Fig. 2
figure 2

Number of identified clinical pharmacokinetic publications on neglected tropical diseases stratified per year

3.2 Pharmacokinetic Studies per Neglected Tropical Disease

Based on the cause of the infection, NTDs can be divided into four groups: diseases caused by protozoal parasites, bacteria, helminthes, and viruses (an extensive overview is provided in Table 1). The protozoal NTDs are all caused by kinetoplastid parasites: Chagas disease, human African trypanosomiasis, and leishmaniasis. Bacteria, a large and diverse group of prokaryotic microorganisms, cause Buruli ulcer, leprosy (both caused by Mycobacteria), trachoma, and yaws. Helminthes, commonly known as parasitic worms, are large multicellular organisms. The helminth NTDs are cysticercosis/taeniasis, dracunculiasis, echinococcosis, food-borne trematodiases, lymphatic filariasis, onchocerciasis, schistosomiasis, and the soil-transmitted helminthiases. Viral NTDs include the arboviral disease dengue (plus chikungunya and zika) and rabies. A general overview of medicines that are currently in use for NTDs is listed in Table 3 [1, 19].

Table 3 Currently used drugs for neglected tropical diseases

We discuss the most salient identified PK studies for NTD therapies, focusing on studies that played a role in treatment optimization. A full overview of identified studies can be found in Table 2.

3.2.1 Chagas Disease

Around 5.7 million people worldwide are affected by Chagas disease (also known as American trypanosomiasis), which is caused by the Trypanosoma cruzi parasite [20]. The acute phase of the disease is asymptomatic in most patients. During the chronic phase, patients can experience cardiac, digestive, or neurological symptoms, which complications lead in many patients to fatality in the late chronic stage mostly decades after the start of infection. However, Chagas disease can be cured when treatment is initiated at the acute or early chronic stage. Currently, the only two drugs with proven efficacy in Chagas disease are nifurtumox and benznidazole (Table 3). Clinical PK studies were found for three drugs: allopurinol riboside [21, 22], nifurtimox [23], and benznidazole [2426] (Table 2).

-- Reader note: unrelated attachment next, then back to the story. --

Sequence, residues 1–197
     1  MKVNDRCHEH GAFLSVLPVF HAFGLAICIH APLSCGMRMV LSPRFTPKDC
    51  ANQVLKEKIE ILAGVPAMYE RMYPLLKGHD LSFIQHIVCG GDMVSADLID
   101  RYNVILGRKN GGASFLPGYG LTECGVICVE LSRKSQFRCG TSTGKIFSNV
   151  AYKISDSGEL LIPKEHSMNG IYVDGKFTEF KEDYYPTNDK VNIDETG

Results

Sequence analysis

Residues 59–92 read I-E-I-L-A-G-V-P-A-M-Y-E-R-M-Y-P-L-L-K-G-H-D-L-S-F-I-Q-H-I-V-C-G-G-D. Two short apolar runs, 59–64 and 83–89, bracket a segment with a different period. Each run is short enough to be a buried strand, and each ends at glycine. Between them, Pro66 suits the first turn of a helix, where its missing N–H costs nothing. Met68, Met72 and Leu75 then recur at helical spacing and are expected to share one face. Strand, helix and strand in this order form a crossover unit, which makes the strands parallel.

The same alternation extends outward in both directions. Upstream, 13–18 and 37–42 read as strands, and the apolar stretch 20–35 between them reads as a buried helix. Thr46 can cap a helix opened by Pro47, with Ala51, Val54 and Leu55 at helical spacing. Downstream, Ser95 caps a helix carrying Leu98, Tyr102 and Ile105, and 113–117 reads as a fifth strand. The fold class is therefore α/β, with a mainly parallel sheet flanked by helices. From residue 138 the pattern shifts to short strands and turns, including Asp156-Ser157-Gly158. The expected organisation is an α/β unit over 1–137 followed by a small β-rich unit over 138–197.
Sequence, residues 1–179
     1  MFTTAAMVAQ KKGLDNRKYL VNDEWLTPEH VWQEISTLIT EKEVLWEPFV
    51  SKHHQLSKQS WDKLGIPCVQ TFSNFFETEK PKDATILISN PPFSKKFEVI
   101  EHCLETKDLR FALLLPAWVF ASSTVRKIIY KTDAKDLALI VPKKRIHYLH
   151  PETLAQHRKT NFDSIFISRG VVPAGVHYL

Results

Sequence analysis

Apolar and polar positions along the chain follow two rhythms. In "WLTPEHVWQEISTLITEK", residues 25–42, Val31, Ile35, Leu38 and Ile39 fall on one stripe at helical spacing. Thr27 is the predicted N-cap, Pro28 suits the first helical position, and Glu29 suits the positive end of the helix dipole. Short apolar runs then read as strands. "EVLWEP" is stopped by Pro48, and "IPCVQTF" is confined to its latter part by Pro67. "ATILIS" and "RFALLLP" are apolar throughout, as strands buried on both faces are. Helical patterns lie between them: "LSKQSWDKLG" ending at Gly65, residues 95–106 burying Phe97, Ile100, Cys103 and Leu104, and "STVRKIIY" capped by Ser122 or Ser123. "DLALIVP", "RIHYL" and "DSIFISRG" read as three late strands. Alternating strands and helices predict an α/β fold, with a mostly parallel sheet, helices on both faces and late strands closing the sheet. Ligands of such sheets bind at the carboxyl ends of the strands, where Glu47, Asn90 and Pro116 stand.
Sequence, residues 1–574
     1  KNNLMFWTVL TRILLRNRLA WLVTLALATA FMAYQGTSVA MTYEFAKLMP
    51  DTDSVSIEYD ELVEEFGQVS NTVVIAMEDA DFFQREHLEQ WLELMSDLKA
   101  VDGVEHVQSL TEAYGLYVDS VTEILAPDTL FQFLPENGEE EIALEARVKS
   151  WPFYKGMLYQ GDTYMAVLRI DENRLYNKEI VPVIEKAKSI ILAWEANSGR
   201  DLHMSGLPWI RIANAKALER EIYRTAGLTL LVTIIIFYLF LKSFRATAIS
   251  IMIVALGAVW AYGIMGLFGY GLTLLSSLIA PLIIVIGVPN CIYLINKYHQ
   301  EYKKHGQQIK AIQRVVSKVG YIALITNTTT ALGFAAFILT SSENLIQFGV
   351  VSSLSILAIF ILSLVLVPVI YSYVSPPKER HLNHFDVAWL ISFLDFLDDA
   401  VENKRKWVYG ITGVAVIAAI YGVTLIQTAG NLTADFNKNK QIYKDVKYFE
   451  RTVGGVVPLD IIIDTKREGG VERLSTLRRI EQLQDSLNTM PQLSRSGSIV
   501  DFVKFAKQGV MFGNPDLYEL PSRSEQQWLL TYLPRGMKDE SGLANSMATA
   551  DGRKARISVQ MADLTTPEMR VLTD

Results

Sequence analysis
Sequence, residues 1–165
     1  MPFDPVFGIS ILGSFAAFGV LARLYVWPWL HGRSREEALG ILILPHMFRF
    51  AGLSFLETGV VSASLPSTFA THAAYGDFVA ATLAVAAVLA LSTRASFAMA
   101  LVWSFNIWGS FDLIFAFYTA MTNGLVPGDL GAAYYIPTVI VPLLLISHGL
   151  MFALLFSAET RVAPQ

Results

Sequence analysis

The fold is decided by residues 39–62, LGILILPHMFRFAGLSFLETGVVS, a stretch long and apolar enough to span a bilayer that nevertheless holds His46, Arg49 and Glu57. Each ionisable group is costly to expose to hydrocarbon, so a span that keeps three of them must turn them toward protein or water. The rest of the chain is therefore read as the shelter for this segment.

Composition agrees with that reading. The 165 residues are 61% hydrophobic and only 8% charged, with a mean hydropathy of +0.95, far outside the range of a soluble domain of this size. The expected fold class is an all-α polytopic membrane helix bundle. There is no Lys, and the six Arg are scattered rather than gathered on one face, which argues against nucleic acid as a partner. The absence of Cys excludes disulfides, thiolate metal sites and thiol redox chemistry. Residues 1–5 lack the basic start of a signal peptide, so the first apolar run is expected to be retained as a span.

Allopurinol was not further evaluated for the treatment of Chagas disease after demonstrating suboptimal exposure [21], which could not be sufficiently increased by probenecid co-administration decreasing the drug’s renal excretion [22]. A population PK modeling and simulation approach was used to estimate the exposure of infants to nifurtimox via breastmilk of patients [23]. Transfer of nifurtimox into breastmilk appeared limited and unlikely to lead to significant exposure in infants, yielding nifurtimox safe to use for breastfeeding patients. The first PK study on benznidazole was published in 1980 [24]. Very recently, population-based analyses were performed in children [25] and in adults [26]. Model-based simulations in these studies suggested that the adult daily dose intervals in chronic Chagas patients could be prolonged, while benznidazole concentrations were kept within the target range, potentially simplifying the treatment regimen.

3.2.2 Human African Trypanosomiasis

Human African trypanosomiasis, also known as sleeping sickness, is transmitted by the tsetse fly and caused by T. b. rhodesiense, resulting in an acute infection, and T. b. gambiense, leading to a more chronic infection (Table 1). Without treatment, the infection of the central nervous system is ultimately fatal [27]. There are currently four treatments in use for the two different stages of human African trypanosomiasis (Table 3), all of which exhibit substantial toxicities: pentamidine, suramin, melarsoprol, and nifurtimox plus eflornithine. Clinical PK studies were identified for three of these treatments: pentamidine [28, 29], melarsoprol [3033], and eflornithine [3436]. Additionally, PK studies were found for fexinidazole, a drug currently still in late-phase clinical development [37, 38].

Pharmacokinetics played an important role in the optimization of eflornithine therapy. Based on cerebrospinal fluid (CSF) and plasma PK data from late-stage T. b. gambiense trypanosomiasis, a new dosing regimen was proposed for eflornithine, including different infusion intervals, and increased doses in children, based on body surface area instead of body weight [34]. Later, it was shown that the current dosing of oral eflornithine did not result in adequate therapeutic plasma and CSF concentrations in adult patients [35]. Recently, a population-based PK–PD model for the different stereoisomers of eflornithine was developed reanalyzing previous PK data and showed the importance of stereoselective exposure, which provided an explanation why oral eflornithine had failed so far for late-stage human African trypanosomiasis patients [36].